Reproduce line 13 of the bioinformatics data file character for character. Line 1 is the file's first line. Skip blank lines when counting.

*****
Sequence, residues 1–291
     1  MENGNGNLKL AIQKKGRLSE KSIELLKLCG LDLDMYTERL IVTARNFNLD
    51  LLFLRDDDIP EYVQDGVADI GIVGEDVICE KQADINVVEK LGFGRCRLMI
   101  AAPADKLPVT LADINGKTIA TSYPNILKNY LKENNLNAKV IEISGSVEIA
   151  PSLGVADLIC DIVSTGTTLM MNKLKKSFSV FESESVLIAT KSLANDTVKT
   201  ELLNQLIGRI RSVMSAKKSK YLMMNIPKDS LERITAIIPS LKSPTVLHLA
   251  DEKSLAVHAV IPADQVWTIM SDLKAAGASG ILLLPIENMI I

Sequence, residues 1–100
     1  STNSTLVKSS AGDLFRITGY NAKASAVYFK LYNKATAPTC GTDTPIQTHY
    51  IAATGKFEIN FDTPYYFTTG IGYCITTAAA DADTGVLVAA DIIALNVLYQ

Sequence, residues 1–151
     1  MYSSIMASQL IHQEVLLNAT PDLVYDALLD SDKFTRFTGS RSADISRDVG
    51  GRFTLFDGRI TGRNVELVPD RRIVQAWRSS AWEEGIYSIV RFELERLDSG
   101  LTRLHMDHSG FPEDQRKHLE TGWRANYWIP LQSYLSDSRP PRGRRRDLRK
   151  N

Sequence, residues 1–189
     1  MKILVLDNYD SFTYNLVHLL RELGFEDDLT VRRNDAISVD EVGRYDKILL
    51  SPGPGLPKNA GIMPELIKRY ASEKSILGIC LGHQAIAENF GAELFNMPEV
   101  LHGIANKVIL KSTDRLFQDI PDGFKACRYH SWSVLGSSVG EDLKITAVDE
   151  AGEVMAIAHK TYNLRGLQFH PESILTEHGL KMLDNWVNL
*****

    51  GRFTLFDGRI TGRNVELVPD RRIVQAWRSS AWEEGIYSIV RFELERLDSG